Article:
wel

Definition from Wiktionary, the free dictionary
Jump to: navigation, search
See also: we'l and wel-

Dutch[edit]

Pronunciation[edit]

Etymology 1[edit]

From Middle Dutch wel, from Old Dutch *wela, wala, from Proto-Germanic *wela, from Proto-Indo-European *welh₁-. Compare German wohl, English well, Icelandic vel, Swedish väl, Danish and Norwegian vel.

Adverb[edit]

wel

  1. The opposite of not (used to add positive emphasis to the verb, much like the auxiliaries "do" or "does" in affirmative sentences in English)
    Ik dacht dat je niet van golf hield? — Ik hou wél van golf!
    I thought you didn't like golf? — I do like golf!
    Je ziet wel dat...
    You [can] certainly see that...
    I ken hem wel, maar niet goed.
    I do know him, but not well.
    Maar wat wil je dan wel?
    But then what do you want?
  2. no less than, as much as, as many as (expressing amazement)
    Zij heeft wel twaalf uur gewerkt vandaag!
    She has worked no less than twelve hours today!
  3. fairly
    Ik voel me wel aardig, maar niet echt goed.
    I feel fairly decent, but not really good.
  4. (dated, regional) well
    Wat God doet, dat is wel gedaan.
    What God does, that is well done.
    "Dat is wel gedacht," zeide hij.
    "That is well thought through, " he said.
Usage notes[edit]
  • In sense 1, the word is often strongly stressed (especially when directly contradicting a negative statement or question) and therefore written with an accent: wél.
  • Using wel as adverbial form of goed is rare. Usually, the adjective is used in its bare form (as with other adjectives).
Derived terms[edit]

Etymology 2[edit]

From the adverb wel.

Noun[edit]

wel n (uncountable)

  1. weal (general state of well-being and prosperity)

Etymology 3[edit]

From Middle Dutch *welle, from Old Dutch *wella, from Proto-Germanic *wallijō.

Noun[edit]

wel f (plural wellen, diminutive welletje n)

  1. (rare) well, source

Etymology 4[edit]

EB1911 - Volume 01 - Page 001 - 1.svg This entry lacks etymological information. If you are familiar with the origin of this term, please add it to the page per etymology instructions. You can also discuss it at the Etymology scriptorium.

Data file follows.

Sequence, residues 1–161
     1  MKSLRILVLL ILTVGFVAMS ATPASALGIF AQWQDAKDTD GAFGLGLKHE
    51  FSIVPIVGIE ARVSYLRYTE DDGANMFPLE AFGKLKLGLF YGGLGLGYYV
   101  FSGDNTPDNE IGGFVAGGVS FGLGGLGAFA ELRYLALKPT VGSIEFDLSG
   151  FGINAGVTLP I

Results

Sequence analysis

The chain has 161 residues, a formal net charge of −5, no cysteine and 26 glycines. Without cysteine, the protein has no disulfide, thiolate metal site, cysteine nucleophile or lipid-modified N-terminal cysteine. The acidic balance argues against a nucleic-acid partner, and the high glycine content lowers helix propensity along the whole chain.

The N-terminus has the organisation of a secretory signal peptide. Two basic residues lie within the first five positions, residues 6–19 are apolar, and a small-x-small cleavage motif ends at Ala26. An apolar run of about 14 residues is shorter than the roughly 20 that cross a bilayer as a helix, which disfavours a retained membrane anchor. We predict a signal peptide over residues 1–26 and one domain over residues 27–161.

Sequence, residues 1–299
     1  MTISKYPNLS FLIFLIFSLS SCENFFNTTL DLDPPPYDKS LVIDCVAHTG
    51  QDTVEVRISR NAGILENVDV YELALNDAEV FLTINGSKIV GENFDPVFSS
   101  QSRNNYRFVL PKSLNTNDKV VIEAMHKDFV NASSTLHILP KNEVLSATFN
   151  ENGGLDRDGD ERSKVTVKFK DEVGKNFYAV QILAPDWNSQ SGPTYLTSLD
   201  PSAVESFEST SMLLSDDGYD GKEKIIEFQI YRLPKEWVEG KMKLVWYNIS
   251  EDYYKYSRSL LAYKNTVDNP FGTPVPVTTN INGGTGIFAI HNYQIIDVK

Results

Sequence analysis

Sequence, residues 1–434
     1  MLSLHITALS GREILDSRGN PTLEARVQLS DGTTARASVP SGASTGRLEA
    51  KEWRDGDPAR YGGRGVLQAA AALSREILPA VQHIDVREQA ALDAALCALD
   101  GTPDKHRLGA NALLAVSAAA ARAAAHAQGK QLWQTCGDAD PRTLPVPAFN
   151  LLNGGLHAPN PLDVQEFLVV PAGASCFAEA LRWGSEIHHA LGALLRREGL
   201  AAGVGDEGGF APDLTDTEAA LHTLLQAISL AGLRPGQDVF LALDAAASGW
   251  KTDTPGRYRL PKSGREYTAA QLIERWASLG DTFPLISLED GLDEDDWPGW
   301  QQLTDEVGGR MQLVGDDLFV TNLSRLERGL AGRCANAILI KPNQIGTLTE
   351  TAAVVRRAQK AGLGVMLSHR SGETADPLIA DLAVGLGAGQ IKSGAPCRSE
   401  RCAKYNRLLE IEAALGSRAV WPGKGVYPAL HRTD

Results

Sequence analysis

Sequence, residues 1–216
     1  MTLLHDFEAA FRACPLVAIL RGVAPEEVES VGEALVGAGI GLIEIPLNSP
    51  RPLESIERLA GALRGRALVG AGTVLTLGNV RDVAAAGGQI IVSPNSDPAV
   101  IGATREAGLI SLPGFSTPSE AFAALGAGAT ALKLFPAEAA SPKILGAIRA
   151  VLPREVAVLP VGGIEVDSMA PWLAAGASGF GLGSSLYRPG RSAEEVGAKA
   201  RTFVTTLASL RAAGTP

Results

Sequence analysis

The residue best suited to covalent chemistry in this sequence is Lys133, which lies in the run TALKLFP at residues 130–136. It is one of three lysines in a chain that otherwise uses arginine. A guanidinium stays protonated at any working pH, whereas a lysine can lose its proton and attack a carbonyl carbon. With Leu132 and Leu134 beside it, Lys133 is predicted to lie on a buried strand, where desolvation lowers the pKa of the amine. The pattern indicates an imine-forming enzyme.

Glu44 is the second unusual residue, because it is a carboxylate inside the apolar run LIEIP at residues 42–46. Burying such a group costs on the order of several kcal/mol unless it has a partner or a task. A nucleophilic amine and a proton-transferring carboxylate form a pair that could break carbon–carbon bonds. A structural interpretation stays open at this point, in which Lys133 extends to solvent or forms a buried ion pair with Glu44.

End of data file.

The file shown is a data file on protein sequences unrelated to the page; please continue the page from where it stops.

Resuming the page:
Noun[edit]

wel c (plural wellen, diminutive welletje n)

  1. well; shaft (excavation made for the extraction of mineral resources)

Etymology 5[edit]

Non-lemma forms.

Verb[edit]

wel

  1. first-person singular present indicative of wellen
  2. imperative of wellen

Middle Dutch[edit]

Etymology[edit]

From Old Dutch *wela, wala, from Proto-Germanic *wela.

Pronunciation[edit]

Adverb[edit]

wel (comparative bat or beter, superlative best)

  1. well

Alternative forms[edit]

Descendants[edit]

Further reading[edit]

  • wel (III), wale”, in Vroegmiddelnederlands Woordenboek, 2000
  • wel (I)”, in Middelnederlandsch Woordenboek, 1929

North Frisian[edit]

Verb[edit]

wel

  1. (Föhr-Amrum Dialect) to want
  2. (Föhr-Amrum Dialect) shall, will (future tense auxiliary verb)

Conjugation[edit]


Usage notes[edit]

  • wel, wal, wääl, wul, and wulen were previously written as well, wall, wäl, wull and wullen respectively.

Old English[edit]

Etymology[edit]

From Proto-Germanic *wela, from Proto-Indo-European *welh₁-. Akin to Old Frisian wela, Old Saxon wela, Old High German wola, Old Norse vel, Gothic 𐍅𐌰𐌹𐌻𐌰 (waila).

Pronunciation[edit]

Adverb[edit]

wel (comparative bet, superlative best)

  1. well

Descendants[edit]


Tok Pisin[edit]

Etymology[edit]

From English oil.

Noun[edit]

wel

  1. oil

Adjective[edit]

wel

  1. slippery
  2. tricky; cunning
  3. inedible
  4. feral

Welsh[edit]

Etymology[edit]

Borrowed from English well.

Pronunciation[edit]

Interjection[edit]

wel

  1. well

Westrobothnian[edit]

Etymology[edit]

From Old Norse væla.

Pronunciation[edit]

Verb[edit]

wel

  1. to cry, to wail